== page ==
By Adrian Plass
One of the most puzzling things for the average child must be the way in which their parents not only construct arguments out of nothing, but actually repeat the same module of conflict every time a particular situation arises. Arguments have tunes, and, in some cases, Bridget and I have been playing the same pieces of music for more than twenty-three years now. Like two professional actors in some long-running play we step almost automatically into our roles and embark on the script that we have come to know so well during the course of our marriage. Fortunately, again like actors, we conclude most of these performances with a friendly chat and a drink or two.
Of course, when the music of conflict becomes too agonisingly discordant, something has to change, but most of our oft-repeated rows are like comfortable old shoes. An example? Well, take the whole business of Packing.
Bridget and I both claim to know exactly how packing should be done. My method is neat, logical and takes about three days. Hers is wild, unfathomable and takes about three hours. I feel quite sure that the time factor in my method could be significantly improved if we only gave it a chance. But we never do. I always retire in fury after a few minutes and sulk somewhere while Bridget does it her way. The dialogue that precedes my walk-out usually goes something like this:
A : (WITH TOTALLY UNCONVINCING CASUALNESS) Right, well, we might as well get started on the packing, then.
B : Darling, wouldn't you rather go and do something with the children while I -
A : Why don't we try to be really systematic this time.
B : (GROANS) Oh, no...
A : We've got six cases altogether, right?
B : What was wrong with the way we did it last time?
A : Nothing - much. It's just that I can't get involved when you organise it. We end up in a sea of clothes and shoes and books and bits and pieces with the cases buried somewhere underneath, and I wade dismally through it all with a teacloth in my hand wondering where it fits into your master-plan. I don't know where anything is, I don't know where anything goes, I dunno what's going on, and I -
B : And you start shaking your head and sighing and rolling your eyes up into the top of your head like some bad Victorian actor and talking about how your bad childhood makes it difficult for you to cope with chaos.
A : I don't do that.
B : You're almost doing it now, and we haven't even started yet.
A : (WITH WHAT HE CONSIDERS TO BE HEROIC SELF-CONTROL) Look, all I'm saying is that we could try it my way and just see how we get on - just try it, for goodness sake!
B : Your way being what, exactly? (SHE KNOWS)
A : (AS IF EXPLAINING TO AN IMBECILE) Right! We take all six cases out into the garden. Right?
B : (NODDING WEARILY) And we put them in a nice neat row -
A : We put them in a row - it doesn't have to be that neat a row - with the lids open, and we number them from one to five, and agree about what sort of luggage is going into each one, then we bring stuff out from the house bit by bit and fill the cases one by one until there's nothing left in the house that's supposed to be in the cases. Apart from anything else it would be so much more fun doing it this way. You'd say to me, "Here's a shirt, Adrian, it goes in number three," and I'd go out and put it in number three. Then you might say, "Here's a pair of shoes, Adrian, they go in number five, so I put them in number five and come back for the next thing, and so on. Then we could swop round and I'd say, "Here's a blouse, Bridget -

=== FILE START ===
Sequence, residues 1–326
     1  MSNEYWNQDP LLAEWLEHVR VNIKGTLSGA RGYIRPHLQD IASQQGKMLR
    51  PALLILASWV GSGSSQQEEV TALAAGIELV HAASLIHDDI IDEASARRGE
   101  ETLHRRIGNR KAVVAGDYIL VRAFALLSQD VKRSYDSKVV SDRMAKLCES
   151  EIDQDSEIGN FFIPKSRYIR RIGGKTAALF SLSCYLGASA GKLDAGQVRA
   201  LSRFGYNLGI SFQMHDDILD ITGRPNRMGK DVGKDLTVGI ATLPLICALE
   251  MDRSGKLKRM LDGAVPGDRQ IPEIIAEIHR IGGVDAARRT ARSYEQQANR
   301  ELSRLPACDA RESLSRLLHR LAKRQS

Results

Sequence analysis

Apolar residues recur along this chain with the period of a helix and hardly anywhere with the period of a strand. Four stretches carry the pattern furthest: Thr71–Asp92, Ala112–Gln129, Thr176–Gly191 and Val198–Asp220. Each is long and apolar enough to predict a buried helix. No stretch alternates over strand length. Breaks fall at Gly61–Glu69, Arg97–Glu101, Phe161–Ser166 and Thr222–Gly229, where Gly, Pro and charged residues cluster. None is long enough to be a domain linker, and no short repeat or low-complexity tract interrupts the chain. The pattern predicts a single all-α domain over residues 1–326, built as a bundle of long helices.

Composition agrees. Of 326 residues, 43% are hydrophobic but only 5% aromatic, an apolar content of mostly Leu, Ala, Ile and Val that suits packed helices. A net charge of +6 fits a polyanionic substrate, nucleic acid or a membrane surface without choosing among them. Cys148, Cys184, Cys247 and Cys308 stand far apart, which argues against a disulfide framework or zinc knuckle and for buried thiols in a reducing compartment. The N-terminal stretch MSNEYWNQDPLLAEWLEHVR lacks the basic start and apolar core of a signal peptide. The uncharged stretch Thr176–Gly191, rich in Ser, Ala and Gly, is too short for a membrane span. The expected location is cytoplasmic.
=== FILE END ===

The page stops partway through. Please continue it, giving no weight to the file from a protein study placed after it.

B : (MIMICKING) It goes in number four...
A : (REFUSING TO BE PUT OFF) And you'd go out and put it in number four, then you'd come back for the next thing and so on. Then, when everything's in, we shut the cases - one, two, three, four, five! - and that's that. The packing's done, everything's ready and we haven't had to hack our way through forests of underwear and overcoats just to find the floor. (PAUSE) How can you say that that doesn't make sense? How can it possibly not make sense? How? Well, how can it? Come on - tell me how that can possibly not make sense! It seems so obvious-
B : Michael, I wish to make the following observations. First of all, let us calmly consider the difference between your method and mine. Your method may be neat and logical, but it would take - ooh - about a year to get everything packed. In fact, it would become more of a hobby than a functional task. My method, on the other hand, may appear wild and unfathomable and cause you unspeakable anguish, but it would mean the packing gets done before we leave for America - an attractive little feature of my approach, wouldn't you say? Furthermore, touched though I am by the pretty picture you paint of you and me trotting happily and eternally to and fro with shirts and blouses and pairs of shoes, I have no intention of playing 'Jane And John Go On Their Holidays' out in the garden just to pander to your completion neurosis. You may not know what's going on when I'm packing, but I do. And as it's always me that ends up doing it anyway, that's all that really matters, isn't it? Why don't you go for a walk, or play golf, or whatever you like, and by the time you come back the work will be done and you won't have to worry about it. How does that sound?
A : (SENSING AN OPPORTUNITY TO BE BE DEEPLY HURT AND PLAY GOLF) Are you saying you don't want me to help?
B : Of course I'd like you to help - if you really mean it. What I can't stand is having you huffing and puffing around and getting irritable about not being able to do anything while I'm busy doing it.
A : (DECIDING TO BE OFFENDED) Oh, well, in that case, I might just as well go and play golf, or perhaps you think I won't be able to organise that! (SLAMS OUT)
B : (COUNTING ON HER FINGERS) One, two, three, four -
A : (REAPPEARING) Err, have you seen my clubs....?